Stirling MSc student shrimp health thesis working with Fish Vet group in Thailand

PROPHYLACTIC HEALTH PROPERTIES OF BIOFLOC AND TILAPIA CONDITIONED WATER IN SHRIMP AQUACULTURE

Umi Salmah Binti Ahmed Sajali*, Francis Murray, David C. Little, Andrew Desbois & Andrew P. Shinn

 Malaysian researcher Umi Salmah from the University of Stirling’s Institute of Aquaculture and funded by the BBSRC Newton Fund Global Research Partnership (GRP): IMAQulate Project conducting her studies within the disease challenge facility of Fish Vet Group Asia based in Chonburi Thailand   - 1st May - 20th July 2017. Her research was based on comparing the performance of 3 microbial-based technologies including a fish-conditioned green water, a purpose-made biofloc &, a pure culture of microalgae as a means of reducing shrimp mortalities when challenged with the acute hepatopancreatic necrosis disease (APHND)-causing bacterium. She found that shrimp reared in low salinity (5ppt) of co habiting Nile Tilapia-conditioned green water or in biofloc, in concentrations as low as 50% or 0.25 g of dry matter per litre, provided levels of protection from the effects of the pathogenic Gram- negative bacteria.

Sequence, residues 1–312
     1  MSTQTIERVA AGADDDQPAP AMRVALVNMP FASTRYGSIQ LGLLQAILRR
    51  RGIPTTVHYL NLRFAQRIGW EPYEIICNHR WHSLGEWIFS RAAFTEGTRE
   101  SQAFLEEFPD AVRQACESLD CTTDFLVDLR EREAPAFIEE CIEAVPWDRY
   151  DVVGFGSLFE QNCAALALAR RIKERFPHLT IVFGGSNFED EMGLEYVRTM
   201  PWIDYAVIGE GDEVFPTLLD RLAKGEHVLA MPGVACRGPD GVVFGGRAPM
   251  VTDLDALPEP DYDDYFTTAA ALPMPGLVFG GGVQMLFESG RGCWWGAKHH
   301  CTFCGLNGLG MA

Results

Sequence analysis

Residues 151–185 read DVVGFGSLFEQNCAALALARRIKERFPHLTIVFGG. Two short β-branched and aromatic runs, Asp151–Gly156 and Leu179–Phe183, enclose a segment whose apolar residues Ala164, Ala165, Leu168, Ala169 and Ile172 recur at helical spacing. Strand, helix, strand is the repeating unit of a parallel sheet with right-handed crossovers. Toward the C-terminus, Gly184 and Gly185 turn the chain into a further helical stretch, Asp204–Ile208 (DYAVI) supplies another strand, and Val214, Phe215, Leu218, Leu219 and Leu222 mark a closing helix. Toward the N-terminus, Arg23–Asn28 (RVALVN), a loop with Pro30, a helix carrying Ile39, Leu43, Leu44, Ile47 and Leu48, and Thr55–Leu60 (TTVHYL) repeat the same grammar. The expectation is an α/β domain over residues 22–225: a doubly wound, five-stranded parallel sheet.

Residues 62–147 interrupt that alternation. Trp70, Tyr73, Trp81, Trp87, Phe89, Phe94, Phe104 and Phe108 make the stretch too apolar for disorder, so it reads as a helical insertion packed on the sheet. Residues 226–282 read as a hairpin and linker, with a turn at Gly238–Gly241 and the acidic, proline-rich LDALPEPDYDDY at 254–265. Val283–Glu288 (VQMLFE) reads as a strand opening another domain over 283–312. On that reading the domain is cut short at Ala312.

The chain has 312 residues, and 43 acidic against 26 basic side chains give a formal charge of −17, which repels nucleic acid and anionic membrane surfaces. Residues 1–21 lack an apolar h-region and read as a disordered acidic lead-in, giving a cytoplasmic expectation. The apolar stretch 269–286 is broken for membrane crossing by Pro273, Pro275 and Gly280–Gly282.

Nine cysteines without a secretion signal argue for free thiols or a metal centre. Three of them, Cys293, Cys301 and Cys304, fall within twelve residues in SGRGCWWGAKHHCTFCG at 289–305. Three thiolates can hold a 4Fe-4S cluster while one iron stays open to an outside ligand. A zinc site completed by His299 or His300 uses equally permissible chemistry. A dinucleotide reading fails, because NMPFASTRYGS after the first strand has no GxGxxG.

From her research, she hopes to go on to explore the structure of the water bacterial community and find whether specific substances contribute to protecting shrimp. Although there is much interest in microbial-based technology in aquaculture, there are very few studies that have explored its use on shrimp immunity or in minimising the impacts of disease. Biofloc and green water represent low cost strategies in minimising the impacts of pathogens like AHPND; its use as part of proper pondwater management can help small-scale farmers throughout much of Asia and Africa reduce disease related losses & maximise production. The transfer of this type of technology - is at the heart of the IMAQulate project in creating sustainable aquaculture in SE Asian countries.

*For more information, please contact Umi Salmah Binti Ahmed Sajali at umis@salcra.gov.my or umisalmah_as@hotmail.com

Our thanks to Dr Andy Shinn and his colleagues at the Fish Vet   Group

 From right; Dr. Andy Shinn (Director of Fish Vet Group Asia), Umi Salmah, Phusit Burana @ Pooh (Aquaculturist – commercial shrimp expertise), Khalid Shahin (PhD student of University of Stirling)

From right; Dr. Andy Shinn (Director of Fish Vet Group Asia), Umi Salmah, Phusit Burana @ Pooh (Aquaculturist – commercial shrimp expertise), Khalid Shahin (PhD student of University of Stirling)